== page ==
Archive for February 6th, 2012

06
Feb
12

Testimony of Jesus Christ

This coming Sunday, in Relief Society and priesthood quorum meetings, Mormons will pick up their study of the teachings of President George Albert Smith with chapter three.  (For the past three weeks they have been studying other material in these meetings.)  Chapter Three is entitled “Our Testimony of Jesus Christ” with the sub-title, “The restored gospel gives Latter-day Saints additional witnesses that Jesus Christ is the Son of God.”

The sub-title is instructive because it already indicates the main focus of Mormonism’s testimony about Jesus.  It places the highlight on his divinity – on the fact that he is the Son of God.  This emphasis carries through chapter three.  Repeatedly it underlines the fact of his divinity.

I think it is very important that both Mormons and Christians are aware of this emphasis.  Being sensitive to this emphasis can help both understand why many Christians say that the LDS don’t believe in Jesus.  (The chapter begins by acknowledging that fact.)  The problem is that what Christians mean when they say that they believe in Christ differs from what Mormons mean by that.

It is true that both describe Jesus as the Son of God.  But they don’t mean the same thing with that statement.  A key passage for Christians is John 5:23:  “That all men should honour the Son, even as they honour the Father.”  These words of Jesus nicely summarize the biblical teaching that the Son is to receive the same honor as the Father receives. That is the force of the words “even as” in that passage.  It means “just as”.  The Son is to have equal honor with the Father.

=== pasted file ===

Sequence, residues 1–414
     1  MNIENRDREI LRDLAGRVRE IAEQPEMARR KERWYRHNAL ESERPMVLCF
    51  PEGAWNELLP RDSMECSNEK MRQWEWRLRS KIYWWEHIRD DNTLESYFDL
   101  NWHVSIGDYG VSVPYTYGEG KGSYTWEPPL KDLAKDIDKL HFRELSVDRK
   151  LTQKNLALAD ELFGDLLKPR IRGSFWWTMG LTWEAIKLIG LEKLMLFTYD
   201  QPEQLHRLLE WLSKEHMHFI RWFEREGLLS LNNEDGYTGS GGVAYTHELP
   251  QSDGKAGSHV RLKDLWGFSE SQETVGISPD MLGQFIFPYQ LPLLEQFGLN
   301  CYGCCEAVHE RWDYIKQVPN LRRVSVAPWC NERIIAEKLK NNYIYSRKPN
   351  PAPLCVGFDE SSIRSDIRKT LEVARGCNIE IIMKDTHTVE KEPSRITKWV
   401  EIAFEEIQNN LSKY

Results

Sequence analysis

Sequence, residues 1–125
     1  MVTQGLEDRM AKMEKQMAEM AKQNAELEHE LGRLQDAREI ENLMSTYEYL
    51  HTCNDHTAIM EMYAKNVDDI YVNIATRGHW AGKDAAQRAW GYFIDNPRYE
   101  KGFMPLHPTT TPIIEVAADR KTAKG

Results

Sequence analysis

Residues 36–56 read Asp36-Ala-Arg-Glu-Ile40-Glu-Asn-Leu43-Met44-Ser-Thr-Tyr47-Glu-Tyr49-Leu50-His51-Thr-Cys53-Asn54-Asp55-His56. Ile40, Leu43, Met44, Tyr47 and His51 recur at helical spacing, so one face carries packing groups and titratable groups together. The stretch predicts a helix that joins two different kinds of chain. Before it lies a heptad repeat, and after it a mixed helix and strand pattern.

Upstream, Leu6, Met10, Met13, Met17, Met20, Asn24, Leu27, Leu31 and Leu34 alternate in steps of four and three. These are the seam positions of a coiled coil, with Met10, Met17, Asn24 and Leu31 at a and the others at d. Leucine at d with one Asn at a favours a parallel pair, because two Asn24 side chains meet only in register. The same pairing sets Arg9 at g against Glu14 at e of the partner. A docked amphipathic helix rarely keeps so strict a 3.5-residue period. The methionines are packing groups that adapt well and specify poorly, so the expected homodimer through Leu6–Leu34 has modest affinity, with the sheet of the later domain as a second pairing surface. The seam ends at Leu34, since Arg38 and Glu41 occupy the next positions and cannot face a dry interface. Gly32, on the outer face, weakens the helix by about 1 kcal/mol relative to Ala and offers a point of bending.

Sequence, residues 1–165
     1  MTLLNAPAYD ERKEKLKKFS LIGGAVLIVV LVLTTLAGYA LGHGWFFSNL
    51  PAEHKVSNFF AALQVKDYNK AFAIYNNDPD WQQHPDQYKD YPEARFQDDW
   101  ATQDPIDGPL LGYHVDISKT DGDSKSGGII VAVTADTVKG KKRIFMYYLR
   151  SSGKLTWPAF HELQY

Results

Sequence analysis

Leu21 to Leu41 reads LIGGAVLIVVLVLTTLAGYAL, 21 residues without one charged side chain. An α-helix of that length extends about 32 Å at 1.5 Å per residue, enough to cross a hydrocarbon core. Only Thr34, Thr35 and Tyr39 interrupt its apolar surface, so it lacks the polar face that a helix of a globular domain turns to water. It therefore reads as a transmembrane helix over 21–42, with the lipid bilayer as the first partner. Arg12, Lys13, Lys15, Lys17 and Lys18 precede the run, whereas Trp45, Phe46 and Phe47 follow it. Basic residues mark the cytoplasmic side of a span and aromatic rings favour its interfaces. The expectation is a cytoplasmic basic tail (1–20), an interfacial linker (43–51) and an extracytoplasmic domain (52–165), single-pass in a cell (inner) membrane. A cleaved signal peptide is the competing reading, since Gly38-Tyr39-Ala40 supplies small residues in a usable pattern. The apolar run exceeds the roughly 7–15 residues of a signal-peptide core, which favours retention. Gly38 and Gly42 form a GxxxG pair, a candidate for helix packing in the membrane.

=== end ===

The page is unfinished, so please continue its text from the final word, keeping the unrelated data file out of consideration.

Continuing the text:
This is something Mormonism doesn’t teach.  Admittedly, this is often not apparent.  But it is there.  I don’t know how many Mormons, over the years, have explained the Bible passages that talk about one God by saying that there is only one God for this world, namely, Heavenly Father.  Thus they do not see Jesus as the God of this world.  Otherwise, according to their interpretation and line of thinking, there would be two Gods over this world.

In this regard read carefully Mormonism’s first article of faith.  “We believe in God, the Eternal Father, and in His Son, Jesus Christ, and in the Holy Ghost.”  Who is called God in that sentence?  That it treats the Father and the Son differently is also brought out ever so subtly in how Mormonism describes worship.  Again read carefully this sentence from True to the Faith.  “As you reverently partake of the sacrament and attend the temple, you remember and worship your Heavenly Father and express your gratitude for His Son, Jesus Christ.” (p. 188)

Or how about prayer?  “Your Heavenly Father loves you and knows your needs, and He wants you to communicate with Him through prayer.  Pray to Him and no one else.” (True to the Faith, p.118)  “Prayer is a sincere, heartfelt talk with our Heavenly Father.  We should pray to God and to no one else.” (Gospel Principles, p. 35)  Over the years, Mormons have responded that they pray to the Father through Jesus, in his name. But that is different than praying to Jesus.  It is not giving Jesus equal honor.

In short, what Mormonism means when it calls Jesus the Son of God and what Christians mean when they call Jesus the Son of God are worlds apart.  Christians call Jesus God and not just the Son of God.  Christians worship Jesus as their God.  Christians pray to Jesus as their God.  Christians give Jesus equal honor with the Father.

Mormonism doesn’t.  Therefore we feel that it falls under the verdict of the second half of John 5:23.  After talking about giving the Son equal honor, Jesus said:  “He that honoureth not the Son honoureth not the Father which hath sent him.”

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